He should of went to funeral 1st.And sick is not a good word because next time he down being ill.He may think he going to die…but …we have a lot of books for grief.Start there…And then take to therapy a couple times so he can talk it through…

Do the counseling. My son was 9 or 10 when my mother in law (his grandmother) died of cancer. Counseling helped him a lot.

What I did, was get out an old photo book. I sat my son down and said “let’s talk about grampa. He’s in heaven, watching you to make sure you’re ok.” We looked at pictures and laughed at the funny ones. My son was 8. I told him it was ok to cry. It was ok to feel bad. I let him go through the pictures alone after that. He still had meltdowns. But he did get better.

Grief will last as long as his heart does​:blue_heart: no person should have a deadline…talk about his grandpa with him, the happy memories. And hug him when he has moments the memories become sad. Almost 22years and there are still breakdowns for me. It’s not odd for him to have those moments :blue_heart::blue_heart:


Love him and let him talk about his grandfather as long as he wants. Reminisce with him. You knew his grandfather longer and can probably add to his memories. A counselor didn’t know his grandfather don’t waste your money. Let others in the family reminisce too. Make a memory book. Go visit places that were their favorite or that were grandpa’s favorite as a young man. Keep the memories alive. That’s what helped me when mine died and I was able to share him with my children many years later by doing these same things with my children.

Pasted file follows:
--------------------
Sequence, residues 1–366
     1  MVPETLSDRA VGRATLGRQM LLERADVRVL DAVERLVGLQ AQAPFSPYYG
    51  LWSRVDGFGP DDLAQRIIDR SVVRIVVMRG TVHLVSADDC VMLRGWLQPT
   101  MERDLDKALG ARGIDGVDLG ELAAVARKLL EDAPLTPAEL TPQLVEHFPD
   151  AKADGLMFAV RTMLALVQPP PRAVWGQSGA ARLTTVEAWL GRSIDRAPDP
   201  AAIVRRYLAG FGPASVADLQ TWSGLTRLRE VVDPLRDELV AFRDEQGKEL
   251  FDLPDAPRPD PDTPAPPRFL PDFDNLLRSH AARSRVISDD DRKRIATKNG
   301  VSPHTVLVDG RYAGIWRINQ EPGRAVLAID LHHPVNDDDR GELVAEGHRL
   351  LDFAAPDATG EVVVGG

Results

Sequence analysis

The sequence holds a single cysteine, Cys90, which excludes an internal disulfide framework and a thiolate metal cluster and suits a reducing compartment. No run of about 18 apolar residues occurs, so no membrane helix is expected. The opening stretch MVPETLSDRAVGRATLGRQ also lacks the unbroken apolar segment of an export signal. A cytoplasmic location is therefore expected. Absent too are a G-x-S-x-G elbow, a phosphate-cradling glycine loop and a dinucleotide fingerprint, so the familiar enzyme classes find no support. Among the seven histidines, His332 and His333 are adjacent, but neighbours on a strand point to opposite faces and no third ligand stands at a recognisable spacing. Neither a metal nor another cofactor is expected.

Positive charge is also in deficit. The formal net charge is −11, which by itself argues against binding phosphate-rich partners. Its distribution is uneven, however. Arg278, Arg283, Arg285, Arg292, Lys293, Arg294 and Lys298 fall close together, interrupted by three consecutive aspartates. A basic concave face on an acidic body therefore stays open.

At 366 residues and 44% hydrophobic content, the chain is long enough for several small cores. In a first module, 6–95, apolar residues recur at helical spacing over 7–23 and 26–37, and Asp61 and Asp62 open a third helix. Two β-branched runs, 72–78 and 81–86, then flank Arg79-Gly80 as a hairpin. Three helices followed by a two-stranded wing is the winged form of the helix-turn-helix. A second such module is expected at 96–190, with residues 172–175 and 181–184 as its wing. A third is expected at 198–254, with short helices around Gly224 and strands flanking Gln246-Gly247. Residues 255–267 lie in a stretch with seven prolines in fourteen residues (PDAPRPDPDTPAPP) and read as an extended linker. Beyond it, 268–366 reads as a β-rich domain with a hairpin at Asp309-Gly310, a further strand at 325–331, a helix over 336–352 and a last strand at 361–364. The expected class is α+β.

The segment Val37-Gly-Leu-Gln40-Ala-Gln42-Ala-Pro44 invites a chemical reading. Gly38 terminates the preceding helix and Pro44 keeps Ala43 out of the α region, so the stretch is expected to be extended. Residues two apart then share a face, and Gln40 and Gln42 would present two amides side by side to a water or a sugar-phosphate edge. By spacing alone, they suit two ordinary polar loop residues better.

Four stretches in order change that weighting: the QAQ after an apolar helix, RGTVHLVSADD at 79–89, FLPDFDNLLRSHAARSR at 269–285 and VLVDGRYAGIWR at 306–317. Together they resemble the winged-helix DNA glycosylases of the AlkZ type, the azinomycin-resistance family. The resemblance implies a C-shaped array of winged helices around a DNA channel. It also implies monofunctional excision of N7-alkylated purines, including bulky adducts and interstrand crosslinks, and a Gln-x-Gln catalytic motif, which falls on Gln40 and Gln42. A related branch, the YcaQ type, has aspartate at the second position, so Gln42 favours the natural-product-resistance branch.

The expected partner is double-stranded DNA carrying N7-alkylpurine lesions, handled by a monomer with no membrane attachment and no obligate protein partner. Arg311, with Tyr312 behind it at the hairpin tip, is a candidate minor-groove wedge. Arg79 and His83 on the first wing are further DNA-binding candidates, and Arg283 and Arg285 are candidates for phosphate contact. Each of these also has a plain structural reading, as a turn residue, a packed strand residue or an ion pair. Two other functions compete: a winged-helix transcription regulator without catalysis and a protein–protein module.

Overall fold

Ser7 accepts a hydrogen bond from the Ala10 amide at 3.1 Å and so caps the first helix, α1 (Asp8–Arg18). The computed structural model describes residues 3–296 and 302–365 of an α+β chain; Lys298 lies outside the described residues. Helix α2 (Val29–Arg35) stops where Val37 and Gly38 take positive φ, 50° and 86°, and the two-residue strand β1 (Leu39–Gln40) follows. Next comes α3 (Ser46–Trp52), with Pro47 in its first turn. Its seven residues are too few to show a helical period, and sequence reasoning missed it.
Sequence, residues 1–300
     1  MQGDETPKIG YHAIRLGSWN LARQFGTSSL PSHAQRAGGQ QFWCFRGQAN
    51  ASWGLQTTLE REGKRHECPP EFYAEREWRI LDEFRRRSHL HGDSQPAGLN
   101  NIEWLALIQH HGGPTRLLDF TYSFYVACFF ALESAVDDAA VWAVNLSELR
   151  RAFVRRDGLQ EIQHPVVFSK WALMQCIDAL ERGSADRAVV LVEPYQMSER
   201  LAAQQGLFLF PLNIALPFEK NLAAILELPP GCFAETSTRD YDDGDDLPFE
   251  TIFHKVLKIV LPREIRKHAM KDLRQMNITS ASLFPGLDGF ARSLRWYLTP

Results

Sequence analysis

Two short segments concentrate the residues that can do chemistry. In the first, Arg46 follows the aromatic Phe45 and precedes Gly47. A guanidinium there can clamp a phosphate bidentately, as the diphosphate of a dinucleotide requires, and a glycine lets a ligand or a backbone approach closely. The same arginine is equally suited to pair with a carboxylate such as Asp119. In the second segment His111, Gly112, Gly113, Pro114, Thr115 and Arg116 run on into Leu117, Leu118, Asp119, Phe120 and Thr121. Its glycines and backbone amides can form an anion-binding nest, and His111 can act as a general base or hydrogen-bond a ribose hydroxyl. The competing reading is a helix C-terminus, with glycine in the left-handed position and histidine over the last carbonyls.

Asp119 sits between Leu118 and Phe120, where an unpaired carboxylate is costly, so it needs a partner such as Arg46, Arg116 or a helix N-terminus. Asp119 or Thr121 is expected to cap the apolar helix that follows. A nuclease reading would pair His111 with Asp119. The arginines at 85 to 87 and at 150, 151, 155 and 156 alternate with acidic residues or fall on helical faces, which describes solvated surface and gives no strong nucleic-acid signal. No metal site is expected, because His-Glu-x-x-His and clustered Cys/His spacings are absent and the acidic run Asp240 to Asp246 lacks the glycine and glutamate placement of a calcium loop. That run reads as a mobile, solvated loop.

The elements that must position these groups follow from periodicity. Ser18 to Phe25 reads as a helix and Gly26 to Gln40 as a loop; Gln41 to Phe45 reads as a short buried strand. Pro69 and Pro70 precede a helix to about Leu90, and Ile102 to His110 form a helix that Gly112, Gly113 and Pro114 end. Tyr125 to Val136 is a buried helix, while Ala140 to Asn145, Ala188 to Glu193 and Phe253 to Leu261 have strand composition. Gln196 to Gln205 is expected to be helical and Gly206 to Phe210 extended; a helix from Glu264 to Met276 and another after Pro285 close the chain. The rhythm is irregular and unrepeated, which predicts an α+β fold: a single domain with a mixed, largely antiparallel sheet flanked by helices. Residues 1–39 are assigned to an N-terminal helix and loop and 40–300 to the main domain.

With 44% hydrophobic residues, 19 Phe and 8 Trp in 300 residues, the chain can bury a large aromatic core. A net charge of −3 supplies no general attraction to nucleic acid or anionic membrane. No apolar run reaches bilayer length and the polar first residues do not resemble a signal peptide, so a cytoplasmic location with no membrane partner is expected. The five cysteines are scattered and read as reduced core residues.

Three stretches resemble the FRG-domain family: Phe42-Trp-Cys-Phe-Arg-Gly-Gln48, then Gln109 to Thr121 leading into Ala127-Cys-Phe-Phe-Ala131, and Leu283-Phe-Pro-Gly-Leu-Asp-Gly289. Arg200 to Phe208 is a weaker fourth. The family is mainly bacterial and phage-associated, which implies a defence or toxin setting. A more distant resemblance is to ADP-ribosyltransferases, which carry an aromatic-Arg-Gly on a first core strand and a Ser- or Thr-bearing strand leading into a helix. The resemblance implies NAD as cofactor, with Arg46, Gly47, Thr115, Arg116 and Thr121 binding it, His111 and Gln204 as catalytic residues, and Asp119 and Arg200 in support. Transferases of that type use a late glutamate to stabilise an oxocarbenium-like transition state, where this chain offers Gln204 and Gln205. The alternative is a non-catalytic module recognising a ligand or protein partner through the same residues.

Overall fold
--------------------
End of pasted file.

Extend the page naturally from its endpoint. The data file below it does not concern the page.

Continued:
I would also enroll him in big brother big sister program or something like it. Sometimes they need an out let other then parents.

Mortuary services can give you resources for grief counseling. There are some groups for children who have lost a loved one

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Everyone grieves differently. Just be there

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A lot of schools run a program called seasons for growth for children experiencing grief or loss or difficulties

Greif counsellor told my mum after my sister died you’re often in shock/denial for the first 6 months before it hits you. Try a grief counsellor.

I think it’s something that needs to be talked over with him but I also think counseling would be a great thing

Everyone grieves differently. There is never a right way or an appropriate amount of time that a person should grieve. He was very close to his Grandpa, and I imagine he has never experienced losing anyone at his age. Poor guy. Maybe you guys can start a scrapbook of memories of him and his"Papa". Something that is HIS that he can keep…and do it together. As y’all put it together maybe he will talk about his memories with you and hopefully can start moving away from the hurtful part of grief and start remembering the good times. God Bless Y’all.

Be there, hug him, love him and let him grieve.

Seek professional help for him. It’s okay to do so. It will pay off long term

Counselling is a great idea. But they need to listen to any and every thing he has to say. Regarding his grandfather, and whatever else he needs to talk about.